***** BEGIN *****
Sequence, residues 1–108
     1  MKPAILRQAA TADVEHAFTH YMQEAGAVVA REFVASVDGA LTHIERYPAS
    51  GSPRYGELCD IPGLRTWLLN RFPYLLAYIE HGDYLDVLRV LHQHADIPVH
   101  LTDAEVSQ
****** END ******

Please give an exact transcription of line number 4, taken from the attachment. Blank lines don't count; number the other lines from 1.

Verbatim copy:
   101  LTDAEVSQ